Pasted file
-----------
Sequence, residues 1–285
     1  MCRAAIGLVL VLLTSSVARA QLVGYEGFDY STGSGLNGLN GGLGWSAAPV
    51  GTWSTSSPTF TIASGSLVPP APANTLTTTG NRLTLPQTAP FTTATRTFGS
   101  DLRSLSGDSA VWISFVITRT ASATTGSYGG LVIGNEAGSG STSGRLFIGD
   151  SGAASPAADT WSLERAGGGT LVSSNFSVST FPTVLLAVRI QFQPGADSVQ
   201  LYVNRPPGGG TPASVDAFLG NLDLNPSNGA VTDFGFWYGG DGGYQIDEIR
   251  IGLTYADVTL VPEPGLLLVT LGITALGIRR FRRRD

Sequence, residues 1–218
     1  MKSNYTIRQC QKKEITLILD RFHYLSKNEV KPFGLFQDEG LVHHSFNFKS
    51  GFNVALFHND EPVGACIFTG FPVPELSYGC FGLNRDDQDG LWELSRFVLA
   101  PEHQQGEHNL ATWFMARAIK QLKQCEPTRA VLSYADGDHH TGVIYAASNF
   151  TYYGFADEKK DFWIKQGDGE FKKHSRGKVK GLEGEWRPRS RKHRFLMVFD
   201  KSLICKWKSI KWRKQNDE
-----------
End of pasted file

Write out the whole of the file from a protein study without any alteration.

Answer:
Sequence, residues 1–285
     1  MCRAAIGLVL VLLTSSVARA QLVGYEGFDY STGSGLNGLN GGLGWSAAPV
    51  GTWSTSSPTF TIASGSLVPP APANTLTTTG NRLTLPQTAP FTTATRTFGS
   101  DLRSLSGDSA VWISFVITRT ASATTGSYGG LVIGNEAGSG STSGRLFIGD
   151  SGAASPAADT WSLERAGGGT LVSSNFSVST FPTVLLAVRI QFQPGADSVQ
   201  LYVNRPPGGG TPASVDAFLG NLDLNPSNGA VTDFGFWYGG DGGYQIDEIR
   251  IGLTYADVTL VPEPGLLLVT LGITALGIRR FRRRD

Sequence, residues 1–218
     1  MKSNYTIRQC QKKEITLILD RFHYLSKNEV KPFGLFQDEG LVHHSFNFKS
    51  GFNVALFHND EPVGACIFTG FPVPELSYGC FGLNRDDQDG LWELSRFVLA
   101  PEHQQGEHNL ATWFMARAIK QLKQCEPTRA VLSYADGDHH TGVIYAASNF
   151  TYYGFADEKK DFWIKQGDGE FKKHSRGKVK GLEGEWRPRS RKHRFLMVFD
   201  KSLICKWKSI KWRKQNDE